Dr P, from a midwestern, mid-sized city, said that at her Catholic-owned hospital, approval for termination of pregnancy was rare if a fetal heartbeat was present (even in ‘‘people who are bleeding, they're all the way dilated, and they're only17 weeks'') unless ‘‘it looks like she's going to die if we don't do it.''
In another case, Dr H, from the same Catholic-owned hospital in the Midwest, sent her patient by ambulance 90 miles to the nearest institution where the patient could have an abortion because the ethics committee refused to approve her case.
Another doctor described a horrifying scenario where she was forced to watch a woman bleed to death after her request to intervene in the pregnancy was declined on the grounds that fetal heartbeat was still present.
If a hospital forcing doctors to do nothing in a life-and-death situation is not a violation of conscience, the very words "violation" and "conscience" are meaningless.
But new laws leave pro-choice doctors little room for consciences of their own in treating patients in a regulatory and institutional environment that's operating with an increasingly anti-choice agenda. If Dr. Boyd or one of his colleagues disregarded Texas' state-imposed standards, for example, there is no warning issued by the state; he risks losing his medical license, being charged with a crime, or having his facility's surgery license revoked. In short, taking a stand by claiming pro-abortion rights morality could jeopardize access to abortion services for thousands of women.
Doctors in circumstances like the ones detailed in Freedman's paper aren't in much better shape. If pro-choice doctors have a problem with their religious hospital's policies butting against their personal morality, they can quit or risk violating policy and being fired. The reverse, however, isn't true. A pharmacy can't fire a pharmacist who refuses to fill Emergency Contraception prescriptions on religious grounds. And just months ago, nurses in a New Jersey hospital were granted the right to refuse to provide pre- or post-surgical care for women who were receiving abortions. Laura MacCleery, Director of Government Relations at the Center for Reproductive Rights, pointed out to me that this — women's reproductive health — is the only type of medical care wherein the government has granted legal protection to medical professionals and institutions who refuse to perform services that are in the best interest of the patient.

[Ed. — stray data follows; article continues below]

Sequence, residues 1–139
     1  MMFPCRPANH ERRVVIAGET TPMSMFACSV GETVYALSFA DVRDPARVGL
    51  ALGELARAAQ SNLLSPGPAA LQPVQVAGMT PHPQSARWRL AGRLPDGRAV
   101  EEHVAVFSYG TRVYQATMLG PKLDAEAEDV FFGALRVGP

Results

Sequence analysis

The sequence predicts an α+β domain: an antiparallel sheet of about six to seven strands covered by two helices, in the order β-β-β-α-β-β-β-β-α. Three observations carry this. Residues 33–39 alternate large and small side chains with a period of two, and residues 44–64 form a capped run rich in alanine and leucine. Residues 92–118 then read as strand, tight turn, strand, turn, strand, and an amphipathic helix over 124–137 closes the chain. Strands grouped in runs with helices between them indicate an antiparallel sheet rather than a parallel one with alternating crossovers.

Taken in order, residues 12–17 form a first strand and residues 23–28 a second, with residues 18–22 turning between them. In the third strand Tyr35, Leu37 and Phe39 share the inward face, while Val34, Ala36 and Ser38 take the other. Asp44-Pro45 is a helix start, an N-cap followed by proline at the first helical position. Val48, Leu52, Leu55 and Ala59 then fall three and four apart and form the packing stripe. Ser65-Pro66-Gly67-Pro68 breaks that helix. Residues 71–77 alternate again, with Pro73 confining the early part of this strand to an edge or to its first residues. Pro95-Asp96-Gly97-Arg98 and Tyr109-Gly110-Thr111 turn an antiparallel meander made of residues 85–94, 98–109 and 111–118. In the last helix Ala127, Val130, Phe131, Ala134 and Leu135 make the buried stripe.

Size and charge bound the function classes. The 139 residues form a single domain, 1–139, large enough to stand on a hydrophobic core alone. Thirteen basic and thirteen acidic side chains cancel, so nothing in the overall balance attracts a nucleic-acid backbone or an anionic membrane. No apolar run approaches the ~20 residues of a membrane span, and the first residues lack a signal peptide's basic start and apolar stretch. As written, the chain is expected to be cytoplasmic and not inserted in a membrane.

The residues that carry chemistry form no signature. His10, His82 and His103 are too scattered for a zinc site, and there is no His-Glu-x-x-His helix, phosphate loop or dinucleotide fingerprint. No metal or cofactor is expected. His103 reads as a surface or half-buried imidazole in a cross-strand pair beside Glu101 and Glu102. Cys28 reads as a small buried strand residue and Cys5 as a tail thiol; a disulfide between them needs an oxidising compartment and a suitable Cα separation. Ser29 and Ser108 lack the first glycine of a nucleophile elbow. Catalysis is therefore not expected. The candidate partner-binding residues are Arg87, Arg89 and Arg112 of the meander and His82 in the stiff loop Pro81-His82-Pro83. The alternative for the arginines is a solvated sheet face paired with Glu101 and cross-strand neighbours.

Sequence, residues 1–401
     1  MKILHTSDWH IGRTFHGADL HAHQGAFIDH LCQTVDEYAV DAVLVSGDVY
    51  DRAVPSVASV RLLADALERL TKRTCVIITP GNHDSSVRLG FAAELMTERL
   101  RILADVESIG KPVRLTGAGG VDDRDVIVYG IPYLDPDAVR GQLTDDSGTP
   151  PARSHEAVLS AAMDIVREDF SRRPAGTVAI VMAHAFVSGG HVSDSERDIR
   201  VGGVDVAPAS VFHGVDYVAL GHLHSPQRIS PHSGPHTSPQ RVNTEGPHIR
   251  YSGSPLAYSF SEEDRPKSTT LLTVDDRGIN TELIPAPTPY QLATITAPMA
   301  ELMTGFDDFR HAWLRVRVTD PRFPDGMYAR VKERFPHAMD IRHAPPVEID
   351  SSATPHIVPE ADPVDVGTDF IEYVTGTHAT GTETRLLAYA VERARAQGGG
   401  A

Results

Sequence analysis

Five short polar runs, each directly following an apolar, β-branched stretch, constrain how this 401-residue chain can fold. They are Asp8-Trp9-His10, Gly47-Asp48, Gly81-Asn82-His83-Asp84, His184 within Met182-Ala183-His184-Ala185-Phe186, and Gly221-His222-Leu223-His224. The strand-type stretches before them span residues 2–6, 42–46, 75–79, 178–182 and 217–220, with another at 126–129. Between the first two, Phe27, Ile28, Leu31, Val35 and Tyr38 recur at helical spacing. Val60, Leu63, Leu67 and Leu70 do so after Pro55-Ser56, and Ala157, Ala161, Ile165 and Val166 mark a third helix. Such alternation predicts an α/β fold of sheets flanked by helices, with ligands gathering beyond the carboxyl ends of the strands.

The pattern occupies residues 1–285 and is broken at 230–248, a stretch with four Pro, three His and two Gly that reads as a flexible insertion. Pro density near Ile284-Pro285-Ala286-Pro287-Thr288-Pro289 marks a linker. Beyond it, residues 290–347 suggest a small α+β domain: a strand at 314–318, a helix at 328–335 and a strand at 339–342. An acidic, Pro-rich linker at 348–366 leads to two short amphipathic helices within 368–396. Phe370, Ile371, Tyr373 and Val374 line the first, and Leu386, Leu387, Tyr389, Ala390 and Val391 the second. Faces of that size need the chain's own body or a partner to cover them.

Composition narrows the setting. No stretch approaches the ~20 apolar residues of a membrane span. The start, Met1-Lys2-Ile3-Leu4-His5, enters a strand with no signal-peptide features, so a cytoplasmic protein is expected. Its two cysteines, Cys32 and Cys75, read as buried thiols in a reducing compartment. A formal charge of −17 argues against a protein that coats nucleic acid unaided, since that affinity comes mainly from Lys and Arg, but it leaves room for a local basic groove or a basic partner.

Conscience, it turns out, is codified as the exclusive domain of the anti-abortion, anti-birth control, anti-emergency contraception set.
On Thursday, the Senate will vote on the Blunt Amendment, a provision tacked on to an unrelated transportation bill that will allow any employer to refuse to insure any health care service for any moral reason. Republican supporters of the measure say it protects the conscience rights of employers who don't want to support things they deem immoral. Democrats say it's just a redundant measure that echoes rights that are guaranteed by federal law. Confused bystanders are wondering how and why it is that it's enshrined in law that employers can make it more difficult for their employees to seek the medical care they need. But proponents of Blunt remind us that rights of conscience of people opposed to certain medical procedures must be upheld.
After 50 years of practicing medicine, Dr. Boyd has had enough. The 75-year-old, who fought for abortion rights back in the 60's and continues to travel throughout the country facilitating fellowship training programs on women's reproductive health, has decided that he's tired of what he succinctly calls the "parody-defying" assault on women's autonomy, as well as laws that would require him and doctors like him to violate their personal codes of morality. He says, of Texas' newly enacted law,
It doesn't seem Christian to me. and it certainly is not humanitarian and compassionate. What I want to do is help women through a difficult decision and a difficult action to end their pregnancy. My responsibility as a healer is to help them feel better about themselves... so they can leave here knowing "Yes, I'm a good person, I made the best decision I could at the time and under the circumstances."
During this contentious, divisive, and confusingly retro national debate on women's reproductive rights, much has been made of how providing women with reproductive services violates conscience rights. But what's lost in the discussion is that government overreach into medical care violates many medical doctors' right to practice medicine according to their moral beliefs, which means we're in a place, as a nation, where the feelings of religious men trump both the needs of women and the rights of their doctors. So why is the conscience of the right more important and valuable than the conscience of the left? That just seems, well — wrong.